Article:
In this seminar, students will gain valuable research experience through a weekly meeting focused on research methods, research ethics, and contemporary research questions and approaches; a weekly collaborative group workshop; and individual and group conference meetings with faculty supervisors on either a regular or an as-needed basis. The seminar component will include readings on, and discussions of, research methods and ethics that are specific to the research in which students are involved, as well as the discussion of contemporary research articles that are relevant to student and faculty research projects. All students involved in the research experience will take turns leading the discussion of current research related to their group’s work. Weekly seminars will also be led by invited faculty in psychology and related disciplines. Weekly collaborative group meetings will also involve reading and discussing research articles and research methods papers specific to the topics of research being undertaken by each student member. Students participating in the Research Methods Practicum will be expected to attend and actively participate in weekly, full-group seminars and weekly collaborative group workshop meetings; select and facilitate full-class and group discussions of relevant contemporary research articles (at least once for each meeting type); work at least five hours within a lab and/or community setting appropriate for their projects or otherwise engage in active research; contribute toward ongoing research and practice within their lab or community setting; develop, implement, and report on (in the form of a short paper prepared for possible publication and a poster at the Natural Sciences and Mathematics Poster Session) an independent research project; and provide their colleagues with ongoing verbal and written feedback on their projects.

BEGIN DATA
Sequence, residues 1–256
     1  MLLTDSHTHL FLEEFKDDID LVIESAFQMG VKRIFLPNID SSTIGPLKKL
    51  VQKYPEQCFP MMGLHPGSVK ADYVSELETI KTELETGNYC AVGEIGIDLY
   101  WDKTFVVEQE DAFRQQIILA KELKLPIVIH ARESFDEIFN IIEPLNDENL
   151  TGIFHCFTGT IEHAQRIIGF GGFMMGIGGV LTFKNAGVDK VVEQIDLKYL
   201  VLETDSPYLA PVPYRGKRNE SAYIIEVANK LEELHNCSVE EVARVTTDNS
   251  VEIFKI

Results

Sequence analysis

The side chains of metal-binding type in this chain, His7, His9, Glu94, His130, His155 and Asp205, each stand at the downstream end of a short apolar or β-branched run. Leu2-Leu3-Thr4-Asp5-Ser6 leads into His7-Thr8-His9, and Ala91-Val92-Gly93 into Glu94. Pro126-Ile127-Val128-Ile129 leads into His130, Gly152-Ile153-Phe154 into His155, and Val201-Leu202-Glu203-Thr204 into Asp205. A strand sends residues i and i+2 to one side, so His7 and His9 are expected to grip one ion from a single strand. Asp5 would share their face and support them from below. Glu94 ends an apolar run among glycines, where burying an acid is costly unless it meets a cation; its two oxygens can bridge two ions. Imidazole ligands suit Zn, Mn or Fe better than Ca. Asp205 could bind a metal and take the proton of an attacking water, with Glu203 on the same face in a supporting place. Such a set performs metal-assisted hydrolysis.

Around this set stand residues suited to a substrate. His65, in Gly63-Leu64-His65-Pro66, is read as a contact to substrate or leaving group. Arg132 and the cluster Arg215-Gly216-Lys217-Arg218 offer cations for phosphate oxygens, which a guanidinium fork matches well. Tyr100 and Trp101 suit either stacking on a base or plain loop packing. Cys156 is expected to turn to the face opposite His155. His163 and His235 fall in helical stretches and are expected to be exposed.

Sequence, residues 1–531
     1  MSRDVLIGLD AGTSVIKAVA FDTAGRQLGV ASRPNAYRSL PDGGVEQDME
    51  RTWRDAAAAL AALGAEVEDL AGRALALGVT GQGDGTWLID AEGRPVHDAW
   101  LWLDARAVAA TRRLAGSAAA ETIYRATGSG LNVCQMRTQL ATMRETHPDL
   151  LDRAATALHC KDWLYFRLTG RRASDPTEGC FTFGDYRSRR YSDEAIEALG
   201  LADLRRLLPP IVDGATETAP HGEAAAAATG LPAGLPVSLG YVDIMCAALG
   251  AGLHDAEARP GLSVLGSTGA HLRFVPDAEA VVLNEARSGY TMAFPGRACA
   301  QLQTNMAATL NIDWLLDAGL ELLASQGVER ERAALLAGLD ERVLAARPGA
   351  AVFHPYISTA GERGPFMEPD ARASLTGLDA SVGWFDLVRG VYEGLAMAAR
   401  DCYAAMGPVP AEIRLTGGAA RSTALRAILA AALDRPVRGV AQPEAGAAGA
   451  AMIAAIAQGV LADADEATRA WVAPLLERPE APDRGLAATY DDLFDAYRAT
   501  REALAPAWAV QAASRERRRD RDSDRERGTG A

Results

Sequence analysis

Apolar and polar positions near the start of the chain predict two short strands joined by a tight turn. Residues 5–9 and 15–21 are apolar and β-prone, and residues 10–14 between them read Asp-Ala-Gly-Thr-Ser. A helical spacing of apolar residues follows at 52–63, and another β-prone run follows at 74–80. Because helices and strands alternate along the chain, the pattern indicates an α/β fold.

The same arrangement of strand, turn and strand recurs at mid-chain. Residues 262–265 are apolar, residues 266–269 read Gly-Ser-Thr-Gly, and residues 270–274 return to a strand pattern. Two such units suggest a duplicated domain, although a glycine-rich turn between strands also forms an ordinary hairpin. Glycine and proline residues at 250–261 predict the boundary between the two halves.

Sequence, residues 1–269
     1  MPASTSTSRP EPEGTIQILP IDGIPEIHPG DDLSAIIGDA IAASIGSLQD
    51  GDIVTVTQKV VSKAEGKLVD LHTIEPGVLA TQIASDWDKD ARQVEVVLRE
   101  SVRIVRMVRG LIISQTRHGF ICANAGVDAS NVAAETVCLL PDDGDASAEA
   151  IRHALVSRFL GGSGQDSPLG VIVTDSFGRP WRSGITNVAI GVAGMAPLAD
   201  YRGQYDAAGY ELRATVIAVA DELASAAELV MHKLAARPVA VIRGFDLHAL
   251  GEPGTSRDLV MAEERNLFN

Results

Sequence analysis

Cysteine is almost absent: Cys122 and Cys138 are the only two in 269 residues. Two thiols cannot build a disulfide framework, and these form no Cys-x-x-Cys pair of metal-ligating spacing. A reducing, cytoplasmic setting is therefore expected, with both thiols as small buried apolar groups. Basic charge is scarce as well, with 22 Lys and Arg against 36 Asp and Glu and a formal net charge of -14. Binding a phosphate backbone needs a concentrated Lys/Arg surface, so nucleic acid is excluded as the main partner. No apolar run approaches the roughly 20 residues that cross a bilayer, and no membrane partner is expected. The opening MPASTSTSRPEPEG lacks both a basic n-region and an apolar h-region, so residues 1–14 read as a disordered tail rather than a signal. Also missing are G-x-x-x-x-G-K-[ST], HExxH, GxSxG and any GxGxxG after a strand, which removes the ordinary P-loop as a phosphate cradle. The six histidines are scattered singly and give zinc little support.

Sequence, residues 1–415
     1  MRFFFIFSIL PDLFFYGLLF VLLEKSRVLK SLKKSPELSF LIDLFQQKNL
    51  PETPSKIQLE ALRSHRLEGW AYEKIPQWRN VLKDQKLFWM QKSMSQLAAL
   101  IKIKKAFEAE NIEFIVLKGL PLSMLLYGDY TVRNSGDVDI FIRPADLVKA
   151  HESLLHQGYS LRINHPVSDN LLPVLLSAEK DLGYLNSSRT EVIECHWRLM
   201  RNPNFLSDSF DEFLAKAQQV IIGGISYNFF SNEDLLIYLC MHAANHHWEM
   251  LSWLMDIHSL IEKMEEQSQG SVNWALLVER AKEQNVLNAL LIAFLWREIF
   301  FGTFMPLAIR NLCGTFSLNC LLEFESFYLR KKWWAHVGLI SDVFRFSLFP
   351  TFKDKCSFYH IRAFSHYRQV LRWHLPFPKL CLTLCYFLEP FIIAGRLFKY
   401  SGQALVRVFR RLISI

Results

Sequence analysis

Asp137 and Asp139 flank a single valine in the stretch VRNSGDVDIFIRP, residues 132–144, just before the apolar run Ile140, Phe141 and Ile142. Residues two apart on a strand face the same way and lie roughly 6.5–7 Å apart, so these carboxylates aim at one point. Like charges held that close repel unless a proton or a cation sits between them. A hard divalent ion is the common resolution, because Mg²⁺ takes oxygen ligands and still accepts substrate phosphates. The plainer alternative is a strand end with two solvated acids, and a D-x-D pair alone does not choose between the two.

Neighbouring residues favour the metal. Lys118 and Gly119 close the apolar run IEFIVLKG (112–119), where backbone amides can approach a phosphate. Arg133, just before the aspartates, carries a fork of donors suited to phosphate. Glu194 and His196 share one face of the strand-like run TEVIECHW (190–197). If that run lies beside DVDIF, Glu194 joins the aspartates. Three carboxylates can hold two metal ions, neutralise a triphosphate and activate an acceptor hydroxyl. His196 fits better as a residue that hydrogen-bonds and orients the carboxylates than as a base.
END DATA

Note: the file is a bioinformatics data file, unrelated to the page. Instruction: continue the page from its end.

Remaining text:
Faculty

The Nature of Nurture: Sustainable Child Development

Open, Seminar—Fall